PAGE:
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President of Moldova and UNICEF speak with one voice: “Moldova – with and for children.”

President Voronin:
© UNICEF/Moldpress
President Voronin: "We are very serious about this reform and will be very demnding."

Reform of child care system is central to improving the lives of Moldavan children and youth. 

May 29, 2006/Chisinau. Last week, the Office of the President of Moldova, with support from UNICEF and the European Union, initiated a major conference focusing on child rights and protection for some of the nation’s most vulnerable children and youth – those living in institutions and other formal residential facilities.

President Vladimir Voronin’s genuine concern for the children of the nation was clear at the conference when he said, “Many children living in one bedroom for seven or eight years – this is worse than in prison. We need to offer better opportunities to Moldova’s children.” The President continued, stating, “The residential care system that we have inherited from the Soviet era does not respond anymore to the present reality.”

Contrary to popular conception, the majority of Moldovan children living in institutions are not orphans, rather their parents are unable to financially support their needs as result of the extreme poverty that characterizes the lives of many families in Moldova. About 1.3 per cent of the nation’s children currently reside in some 68 institutions throughout Moldova, resulting in one of the highest rates of child institutionalization in Europe.  The largest of these institutions is home to about 700 children – an unacceptable reality, but one that President Voronin and UNICEF are working to change.

Conference discussions centered on major reforms to the child protection system in Moldova, including the creation of a single, central agency that would handle social services and include a national database by which the needs of vulnerable children and families can be tracked and monitored, reflecting President Voronin’s desire to improve the Government’s efficiency and capacity for providing comprehensive child protection, a goal further echoed by UNICEF Representative, Ray Virgilio Torres. “UNICEF hopes that this will be done under the aegis of a strong Ministry or Government Agency that enjoys sufficient political and budgetary support to function effectively and to be able to positively influence policy and budgetary decisions in other line Ministries.”

Furthermore, the Government seeks to provide greater support to family and community-based solutions to the issue of institutionalized children. In order to reduce the number of children living in institutions, preventive family support services need to be strengthened – particularly via a network of social workers trained to identify families and children at risk and to facilitate their access to services and benefits – and the development of additional community-based services such as foster care, adoption and guardianship need to be maximized for those children who can not remain within their biological families.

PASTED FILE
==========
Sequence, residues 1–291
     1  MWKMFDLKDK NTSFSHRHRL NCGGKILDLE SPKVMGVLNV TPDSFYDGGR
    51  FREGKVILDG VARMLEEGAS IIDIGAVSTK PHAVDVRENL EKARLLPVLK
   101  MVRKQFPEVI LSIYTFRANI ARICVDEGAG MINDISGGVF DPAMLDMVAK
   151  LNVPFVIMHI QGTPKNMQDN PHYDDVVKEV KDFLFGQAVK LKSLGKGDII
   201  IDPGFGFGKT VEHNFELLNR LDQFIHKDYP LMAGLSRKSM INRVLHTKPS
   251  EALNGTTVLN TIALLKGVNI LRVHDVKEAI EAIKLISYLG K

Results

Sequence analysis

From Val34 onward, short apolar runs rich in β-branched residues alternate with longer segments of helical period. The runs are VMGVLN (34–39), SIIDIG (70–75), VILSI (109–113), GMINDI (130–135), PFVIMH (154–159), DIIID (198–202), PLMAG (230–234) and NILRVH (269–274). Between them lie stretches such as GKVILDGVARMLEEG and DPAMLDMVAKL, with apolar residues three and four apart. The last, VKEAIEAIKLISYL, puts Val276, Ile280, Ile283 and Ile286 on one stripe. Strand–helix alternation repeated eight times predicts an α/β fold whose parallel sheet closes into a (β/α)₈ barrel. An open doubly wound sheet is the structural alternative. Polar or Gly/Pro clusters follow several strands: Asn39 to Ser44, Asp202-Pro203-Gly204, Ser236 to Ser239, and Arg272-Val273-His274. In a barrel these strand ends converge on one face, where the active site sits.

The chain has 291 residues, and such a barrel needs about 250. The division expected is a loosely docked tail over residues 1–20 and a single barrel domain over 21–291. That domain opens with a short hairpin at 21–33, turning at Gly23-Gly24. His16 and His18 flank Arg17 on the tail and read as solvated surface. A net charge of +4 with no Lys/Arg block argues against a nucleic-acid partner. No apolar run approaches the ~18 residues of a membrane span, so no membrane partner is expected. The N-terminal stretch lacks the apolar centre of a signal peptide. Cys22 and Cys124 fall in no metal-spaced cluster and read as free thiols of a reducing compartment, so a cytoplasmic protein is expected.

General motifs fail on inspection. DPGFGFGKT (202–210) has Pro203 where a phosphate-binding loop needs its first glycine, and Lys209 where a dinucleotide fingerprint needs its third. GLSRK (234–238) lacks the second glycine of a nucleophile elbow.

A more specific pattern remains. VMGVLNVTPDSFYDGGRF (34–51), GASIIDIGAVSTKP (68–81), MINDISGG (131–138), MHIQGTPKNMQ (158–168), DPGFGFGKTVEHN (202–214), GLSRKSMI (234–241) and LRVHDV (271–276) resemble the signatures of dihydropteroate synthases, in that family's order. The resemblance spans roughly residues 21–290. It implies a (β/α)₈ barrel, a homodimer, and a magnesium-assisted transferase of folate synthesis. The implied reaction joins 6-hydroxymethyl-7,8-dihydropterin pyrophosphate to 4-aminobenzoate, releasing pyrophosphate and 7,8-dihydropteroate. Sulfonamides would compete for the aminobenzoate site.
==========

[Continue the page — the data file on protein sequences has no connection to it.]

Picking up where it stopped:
For those children who have little choice but to reside in facilities, President Voronin proposes modernization and child-friendly improvements to the nation’s residential facilities so as to minimize disruption to childhood development and prevent feelings of isolation, rejection, and other trauma. “We want to offer children the best we have. This does not mean the most delicious sweets and the nicest toys and clothes. What we mean is creation of the most appropriate conditions for the child’s development to ensure a decent life,” stated President Voronin.  “We are very serious about this reform and will be very demanding when monitoring its implementation.”

“We feel His Excellency’s vision of a protection system that no longer foresees institutionalization as the only available means of assisting children who have to be separated from their families is in full compliance with the Convention on the Rights of the Child. UNICEF is of the opinion that most of the children living in internats in Moldova today, should not be there in the first place,” said Torres.

Although progress has been made in decreasing poverty (including child poverty), throughout Moldova, thanks to recent economic growth, children remain quite vulnerable, especially for those residing in rural areas where the risk of living in poverty is 2.6 times greater than children living in urban areas. Forty percent of the households with 3 or more children are considered poor.





New postal stamp

New postal stamp issued on May 29

MOLDOVA WITH AND FOR CHILDREN featuring President Vladimir Voronin and children.


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